Right from the beginning, they played several josekis which aren't quite joseki.

The lead kept changing hands.

Let's investigate how either player could have taken a firm lead.

In response to this pincer, white normally jumps out.

But white attached like this instead.

Players who don't know the joseki tend to play like this.

However, this counter attachment was a big mistake.

Let's see the result.

White's territory overwhelmed black's moyo.

Let's look at their mistakes.

Before approaching, white played here.

The white player may have seen it it pro games.

However, white usually plays there when there's a stone in the bottom right.

Then white can form a good position.

If white doesn't have a stone in the bottom right, this move isn't that effective.

After white's extension, black will approach like this.

This exchange isn't profitable for white.

So white should approach the corner first, then this move makes more sense.

In the actual game, white tenukied after that exchange.

That shows that this exchange was unnecessary.

Anyway, white approached.

When black pincered, it wasn't hard for white to answer.

White should jump twice, like this.

After this pincer, a battle will begin.

This is a joseki.

This would be a normal progression.

But white didn't play like this.

Let's look at the actual game.

White attached here. There's no such a move in joseki books.

The answer is simple.

"When your opponent attaches, hane."

The hane is the best answer.

According to the basic principles of Go, white has to extend.

I guess black was worried about this cut.

I wondered why he didn't hane.

If white cuts, black can atari twice.

Then black's corner is very big.

This is simpler and better than the game.

I don't think he would have worried about this extension.

White's exchanges strengthen black.

If black was concerned about this, it's a misjudgment.

In the actual game, black made a huge mistake.

He attached here. It doesn't make sense.

In response to white's bump, black cut.

After that, this stone was dead.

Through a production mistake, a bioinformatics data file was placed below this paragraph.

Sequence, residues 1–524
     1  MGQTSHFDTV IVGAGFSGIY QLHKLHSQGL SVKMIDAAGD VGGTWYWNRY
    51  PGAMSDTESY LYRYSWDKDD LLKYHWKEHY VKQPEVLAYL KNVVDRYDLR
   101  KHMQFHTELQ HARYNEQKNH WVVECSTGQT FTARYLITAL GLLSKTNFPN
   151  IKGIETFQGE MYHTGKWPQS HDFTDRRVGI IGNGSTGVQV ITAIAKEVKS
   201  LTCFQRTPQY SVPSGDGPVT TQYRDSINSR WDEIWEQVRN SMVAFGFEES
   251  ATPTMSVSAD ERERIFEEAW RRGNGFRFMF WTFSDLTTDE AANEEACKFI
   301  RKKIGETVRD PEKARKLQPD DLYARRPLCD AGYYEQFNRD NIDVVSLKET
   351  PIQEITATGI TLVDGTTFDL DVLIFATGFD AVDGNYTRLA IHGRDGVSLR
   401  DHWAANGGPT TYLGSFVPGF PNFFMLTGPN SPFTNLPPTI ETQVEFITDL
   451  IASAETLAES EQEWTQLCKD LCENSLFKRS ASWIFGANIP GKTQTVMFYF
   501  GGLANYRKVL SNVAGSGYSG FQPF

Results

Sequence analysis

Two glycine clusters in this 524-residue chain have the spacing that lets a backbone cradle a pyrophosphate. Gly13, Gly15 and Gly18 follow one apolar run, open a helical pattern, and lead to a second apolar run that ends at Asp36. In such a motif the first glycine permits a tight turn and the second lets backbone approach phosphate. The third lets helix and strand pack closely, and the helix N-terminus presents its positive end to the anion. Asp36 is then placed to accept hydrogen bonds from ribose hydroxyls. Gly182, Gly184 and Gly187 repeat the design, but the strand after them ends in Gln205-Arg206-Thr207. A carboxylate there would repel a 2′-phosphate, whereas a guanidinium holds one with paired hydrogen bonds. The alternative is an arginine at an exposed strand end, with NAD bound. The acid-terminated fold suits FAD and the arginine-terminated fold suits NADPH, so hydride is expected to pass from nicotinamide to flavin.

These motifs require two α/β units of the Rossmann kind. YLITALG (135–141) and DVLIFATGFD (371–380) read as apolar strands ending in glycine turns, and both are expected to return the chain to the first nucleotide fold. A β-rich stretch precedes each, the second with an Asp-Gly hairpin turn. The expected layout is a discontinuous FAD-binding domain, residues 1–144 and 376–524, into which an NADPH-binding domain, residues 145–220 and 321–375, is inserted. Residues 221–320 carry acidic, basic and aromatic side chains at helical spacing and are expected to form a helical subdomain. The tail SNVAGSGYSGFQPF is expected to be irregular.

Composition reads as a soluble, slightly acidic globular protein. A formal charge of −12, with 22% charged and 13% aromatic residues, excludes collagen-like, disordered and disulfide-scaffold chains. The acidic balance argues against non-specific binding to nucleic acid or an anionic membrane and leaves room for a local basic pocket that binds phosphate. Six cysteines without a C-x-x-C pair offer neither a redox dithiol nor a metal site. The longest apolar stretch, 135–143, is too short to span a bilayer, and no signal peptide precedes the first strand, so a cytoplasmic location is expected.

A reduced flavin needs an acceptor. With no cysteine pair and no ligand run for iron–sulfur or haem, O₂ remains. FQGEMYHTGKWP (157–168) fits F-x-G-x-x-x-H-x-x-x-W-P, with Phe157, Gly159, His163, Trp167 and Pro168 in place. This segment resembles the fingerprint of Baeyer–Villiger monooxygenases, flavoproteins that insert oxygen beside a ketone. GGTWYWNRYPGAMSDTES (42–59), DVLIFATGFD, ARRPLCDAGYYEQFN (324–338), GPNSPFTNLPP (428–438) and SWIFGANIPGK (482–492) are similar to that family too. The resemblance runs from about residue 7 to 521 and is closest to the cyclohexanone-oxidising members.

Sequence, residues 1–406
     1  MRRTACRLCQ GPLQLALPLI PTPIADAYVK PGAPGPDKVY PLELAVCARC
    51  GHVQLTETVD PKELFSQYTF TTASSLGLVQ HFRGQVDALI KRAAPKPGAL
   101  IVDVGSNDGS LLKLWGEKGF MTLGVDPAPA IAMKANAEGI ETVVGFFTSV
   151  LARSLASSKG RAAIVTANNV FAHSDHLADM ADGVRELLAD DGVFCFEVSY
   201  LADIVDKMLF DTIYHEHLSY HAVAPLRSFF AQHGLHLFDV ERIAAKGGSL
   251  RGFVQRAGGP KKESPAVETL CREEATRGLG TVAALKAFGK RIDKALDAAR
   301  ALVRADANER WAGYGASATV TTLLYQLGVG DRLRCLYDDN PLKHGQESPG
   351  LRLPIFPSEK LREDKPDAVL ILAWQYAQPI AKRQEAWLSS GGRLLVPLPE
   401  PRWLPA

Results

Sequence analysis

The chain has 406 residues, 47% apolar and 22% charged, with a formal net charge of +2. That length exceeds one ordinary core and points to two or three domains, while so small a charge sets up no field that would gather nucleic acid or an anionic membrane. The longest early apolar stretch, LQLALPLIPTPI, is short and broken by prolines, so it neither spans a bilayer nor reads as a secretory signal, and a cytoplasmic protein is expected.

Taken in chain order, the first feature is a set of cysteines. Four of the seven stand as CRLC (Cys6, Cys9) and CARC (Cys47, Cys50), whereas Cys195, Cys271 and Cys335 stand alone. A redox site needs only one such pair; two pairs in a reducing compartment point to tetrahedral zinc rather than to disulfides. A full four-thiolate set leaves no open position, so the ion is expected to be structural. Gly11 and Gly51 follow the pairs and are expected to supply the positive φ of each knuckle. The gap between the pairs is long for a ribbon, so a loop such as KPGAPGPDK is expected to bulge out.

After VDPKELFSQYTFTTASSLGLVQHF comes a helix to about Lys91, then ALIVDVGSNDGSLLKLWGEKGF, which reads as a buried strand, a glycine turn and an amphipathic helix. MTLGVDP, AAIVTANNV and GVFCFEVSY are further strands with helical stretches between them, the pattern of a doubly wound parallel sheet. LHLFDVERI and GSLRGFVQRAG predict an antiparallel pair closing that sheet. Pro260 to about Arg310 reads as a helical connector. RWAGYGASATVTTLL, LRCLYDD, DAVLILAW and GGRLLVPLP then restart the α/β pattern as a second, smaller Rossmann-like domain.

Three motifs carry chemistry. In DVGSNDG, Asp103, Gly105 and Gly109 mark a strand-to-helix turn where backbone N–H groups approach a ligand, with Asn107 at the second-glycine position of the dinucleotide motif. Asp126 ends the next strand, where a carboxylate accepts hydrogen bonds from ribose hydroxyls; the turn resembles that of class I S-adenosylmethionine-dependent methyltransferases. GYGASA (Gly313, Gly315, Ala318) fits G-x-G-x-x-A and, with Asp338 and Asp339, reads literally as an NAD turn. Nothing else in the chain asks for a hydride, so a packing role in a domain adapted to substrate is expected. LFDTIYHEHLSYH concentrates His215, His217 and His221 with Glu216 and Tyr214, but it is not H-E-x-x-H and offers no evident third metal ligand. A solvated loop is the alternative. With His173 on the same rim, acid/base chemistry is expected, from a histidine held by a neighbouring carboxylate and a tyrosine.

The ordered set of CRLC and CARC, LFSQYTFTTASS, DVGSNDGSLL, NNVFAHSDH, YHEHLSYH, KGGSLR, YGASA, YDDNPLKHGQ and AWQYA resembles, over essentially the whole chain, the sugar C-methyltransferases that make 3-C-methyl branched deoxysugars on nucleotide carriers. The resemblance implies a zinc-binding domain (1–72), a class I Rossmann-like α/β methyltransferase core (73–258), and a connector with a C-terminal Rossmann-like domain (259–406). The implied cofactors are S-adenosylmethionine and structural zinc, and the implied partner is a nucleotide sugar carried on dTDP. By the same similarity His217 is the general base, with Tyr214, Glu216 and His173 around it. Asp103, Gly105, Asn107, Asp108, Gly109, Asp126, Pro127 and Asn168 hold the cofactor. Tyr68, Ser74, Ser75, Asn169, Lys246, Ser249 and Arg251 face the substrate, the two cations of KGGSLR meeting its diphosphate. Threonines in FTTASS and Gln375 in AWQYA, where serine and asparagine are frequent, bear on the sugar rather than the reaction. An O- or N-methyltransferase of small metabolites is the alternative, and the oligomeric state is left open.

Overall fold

It's no good.

If he didn't like the hane, there was an alternative.

He should have bumped and blocked like this.

By playing like this, he would've ended up with a better shape.

But he didn't choose this variation.

Eventually, black lost the corner.

Even though black enclosed this area, white cut and took the corner.

This was huge.

Above all, there were too many weaknesses.

Black defended here, and white approached.

If white had cut here instead, black would've been in big trouble.

If black extends, white can harass black's group after exchanging this forcing move.

Black's in trouble.

Black's defense wasn't the best answer.

Connecting here would have been better.

Because of this cutting point, defending elsewhere wasn't good.

But this bad result was due to black's previous mistake.

Black's attachment was very bad.

After white's bump, black had no proper answer.

In response to the attachment, the hane was the answer.

Then white's attachment would be a bad exchange.

Black may have wanted to copy white's attachment.

But you shouldn't play like this.

Even if you don't know how to respond, don't follow your opponent's moves.

That will only lead you to failure.

When you don't understand your opponent's intentions, think about Go proverbs.

There are many helpful proverbs in Go.

You'd have several proverbs in your mind, at least.

If you try to follow them, your moves will receive a mark of at least 80 points!

Aiming for the 100 point move all the time isn't always good.

If you focus on consistently playing good moves, you'll be able to play wonderful games.

Thank you!

Baduk TV English at GoGameGuru.com